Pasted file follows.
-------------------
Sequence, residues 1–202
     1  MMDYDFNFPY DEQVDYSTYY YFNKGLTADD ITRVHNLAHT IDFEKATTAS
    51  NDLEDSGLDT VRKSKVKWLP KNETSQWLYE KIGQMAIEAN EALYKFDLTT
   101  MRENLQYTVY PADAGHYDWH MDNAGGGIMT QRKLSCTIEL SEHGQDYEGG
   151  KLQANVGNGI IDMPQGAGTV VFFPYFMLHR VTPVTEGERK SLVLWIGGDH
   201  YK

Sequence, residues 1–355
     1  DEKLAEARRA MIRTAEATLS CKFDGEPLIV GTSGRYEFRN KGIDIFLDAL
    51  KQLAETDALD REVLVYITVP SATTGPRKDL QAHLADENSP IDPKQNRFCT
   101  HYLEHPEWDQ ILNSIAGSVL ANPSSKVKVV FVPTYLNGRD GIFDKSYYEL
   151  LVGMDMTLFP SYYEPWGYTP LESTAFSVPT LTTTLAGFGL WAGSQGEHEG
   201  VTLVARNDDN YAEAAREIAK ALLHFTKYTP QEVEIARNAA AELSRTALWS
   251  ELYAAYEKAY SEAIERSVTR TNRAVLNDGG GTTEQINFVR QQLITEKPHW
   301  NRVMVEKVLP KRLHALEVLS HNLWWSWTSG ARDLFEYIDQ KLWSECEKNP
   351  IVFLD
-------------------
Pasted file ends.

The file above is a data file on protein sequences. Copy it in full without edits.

Sequence, residues 1–202
     1  MMDYDFNFPY DEQVDYSTYY YFNKGLTADD ITRVHNLAHT IDFEKATTAS
    51  NDLEDSGLDT VRKSKVKWLP KNETSQWLYE KIGQMAIEAN EALYKFDLTT
   101  MRENLQYTVY PADAGHYDWH MDNAGGGIMT QRKLSCTIEL SEHGQDYEGG
   151  KLQANVGNGI IDMPQGAGTV VFFPYFMLHR VTPVTEGERK SLVLWIGGDH
   201  YK

Sequence, residues 1–355
     1  DEKLAEARRA MIRTAEATLS CKFDGEPLIV GTSGRYEFRN KGIDIFLDAL
    51  KQLAETDALD REVLVYITVP SATTGPRKDL QAHLADENSP IDPKQNRFCT
   101  HYLEHPEWDQ ILNSIAGSVL ANPSSKVKVV FVPTYLNGRD GIFDKSYYEL
   151  LVGMDMTLFP SYYEPWGYTP LESTAFSVPT LTTTLAGFGL WAGSQGEHEG
   201  VTLVARNDDN YAEAAREIAK ALLHFTKYTP QEVEIARNAA AELSRTALWS
   251  ELYAAYEKAY SEAIERSVTR TNRAVLNDGG GTTEQINFVR QQLITEKPHW
   301  NRVMVEKVLP KRLHALEVLS HNLWWSWTSG ARDLFEYIDQ KLWSECEKNP
   351  IVFLD